Wildlife will enhance a gardenPublished 12:00am Sunday, June 15, 2014
Wildlife Biologist John DeFazio urged attendees at the State Master Gardener Conference last month in Oxford to develop residential gardens that nurture both humans and wildlife. As urban sprawl increases there are fewer undisturbed sections of land for habitat every year. Gardeners can easily create corridors or islands of habitat by planting trees, shrubs and ornamentals that are attractive to wildlife.
“I plant what I like,” Dianne Smith admits.” “And I’m partial to red and yellow blooming plants.” Many of the plants in her yard are not only bright but are favorites for attracting hummingbirds, butterflies and bees.
She has islands filled with plants in both her front and back yard. The front has more direct sun, allowing her to grow sun-loving plants that attract hummingbirds such as lantana, verbena, stokesia, zinnia, penta, petunia, cleome, coral bean and bee balm. Several large hibiscus (which she carried through the winter in her garage along with her Meyer Lemon tree) grow in pots near the fence surrounding the backyard.
A huge native trumpet vine has been trained up a wooden post in the center of the backyard and cascades around all sides of the post hiding a birdhouse that one has to look carefully to see amongst the foliage.
Turk’s Cap, coral honeysuckle and pineapple sage are other hummer favorites that grow in the partially shaded backyard. Three hummingbird feeders hang in the area as well, and are being drained daily by more hummers this year than normally frequent their feeders according to Smith.
Most of the plants already mentioned attract butterflies as well but Smith has incorporated additional plants and trees into the landscape that are butterfly hosts or nectar sources. Oaks support more caterpillars than any other species according to Kristin Lamberson of Strawberry Plains, another speaker at the Master Gardener Conference.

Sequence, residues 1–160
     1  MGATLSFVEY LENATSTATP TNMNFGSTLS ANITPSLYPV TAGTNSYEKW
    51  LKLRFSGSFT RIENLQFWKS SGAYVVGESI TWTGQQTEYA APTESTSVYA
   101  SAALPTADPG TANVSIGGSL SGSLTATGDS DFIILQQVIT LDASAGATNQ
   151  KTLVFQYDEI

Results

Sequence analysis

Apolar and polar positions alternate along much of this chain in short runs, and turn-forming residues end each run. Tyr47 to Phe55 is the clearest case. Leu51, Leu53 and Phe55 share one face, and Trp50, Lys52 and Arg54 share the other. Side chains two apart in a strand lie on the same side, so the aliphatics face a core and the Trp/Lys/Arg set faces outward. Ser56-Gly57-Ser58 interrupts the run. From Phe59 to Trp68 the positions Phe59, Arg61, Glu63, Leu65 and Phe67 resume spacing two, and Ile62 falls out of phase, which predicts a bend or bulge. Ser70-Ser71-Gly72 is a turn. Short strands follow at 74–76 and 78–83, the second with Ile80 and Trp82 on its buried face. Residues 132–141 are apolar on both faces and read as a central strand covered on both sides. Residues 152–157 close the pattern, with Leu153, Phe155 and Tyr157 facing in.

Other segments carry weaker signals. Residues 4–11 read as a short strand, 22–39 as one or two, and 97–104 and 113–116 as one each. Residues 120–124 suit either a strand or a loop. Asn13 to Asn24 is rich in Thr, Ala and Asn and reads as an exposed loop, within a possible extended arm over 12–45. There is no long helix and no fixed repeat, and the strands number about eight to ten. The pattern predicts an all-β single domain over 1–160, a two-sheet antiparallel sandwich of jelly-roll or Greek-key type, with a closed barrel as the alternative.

Tall oaks provide shade to much of the Smith backyard and are under-planted with dogwoods and a red sugar maple she brought back from the Smokey Mountains. Bright white Shasta daisies, passion vines, one of which has a beautiful bright red bloom, Sweet Bay Magnolia, Black Knight purple butterfly bush, Texas Hibiscus, gaura, impatiens, swamp sunflower, wisteria, River Birch, plum, Confederate Rose, phlox, azaleas, sedums and parsley are planted here and there in the Smith garden. All of these are ideal choices for Mississippi butterfly gardens.
“I’m also a deadheader,” Smith commented. Deadheading is an important way to not only keep plants attractive and tidy but to stimulate hormones that direct plants to grow and produce additional blooms. When flowers are allowed to go to seed a plant thinks it has fulfilled its purpose and either quits producing new flowers or dramatically slows down the process. Smith indicated that the chore is never ending but worth the effort in this garden filled with so many blooming plants.
Multiple birdbaths and houses are nestled into many of the Smith garden islands, along the fence and even near the front porch where a family of bluebirds is living, partially hidden by a gaura that is in full bloom.
The Smiths had to cut down a large tree several years ago in their backyard and Smith has found a way to not only conceal but utilize the stump as a way to elevate a birdbath surrounded by an assortment of perennials that provide cover to small birds vary of predatory hawks and other larger birds of prey. Tucked into another flowerbed is a very shallow birdbath that sits on the ground and allows both butterflies and frogs to access water.
Smith’s husband Joe enjoys the flowering plants and helps with much of the planting and maintenance of the yard but he leans more to fruit producing plants and trees.
He has a number of blueberry plants heavy with fruit just beginning to ripen, an apple tree, several plums and wants to plant a fig tree in the near future. He devised a contraption from a handheld fishnet attached to a long pole that allows him to harvest plums from the top of his trees. Of course, fruit is a favorite of many birds and they probably consume as much fruit from these sources as do the Smiths but there is plenty to share.
Wildlife friendly gardens all share the same criteria. They have places with food, water, cover from predators and shelter for wildlife. Smith may be planting things she likes but in the process has developed a lush island of habitat that is home to birds, butterflies, bees and other small creatures as well as a beautiful restful place for humans to get in touch with nature.
Miriam Jabour, a Master Gardener and Master Flower Show judge, has been active in the Openwood Plantation Garden Club for over 35 years. Write to her at 1114 Windy Lake Drive, Vicksburg MS 39183.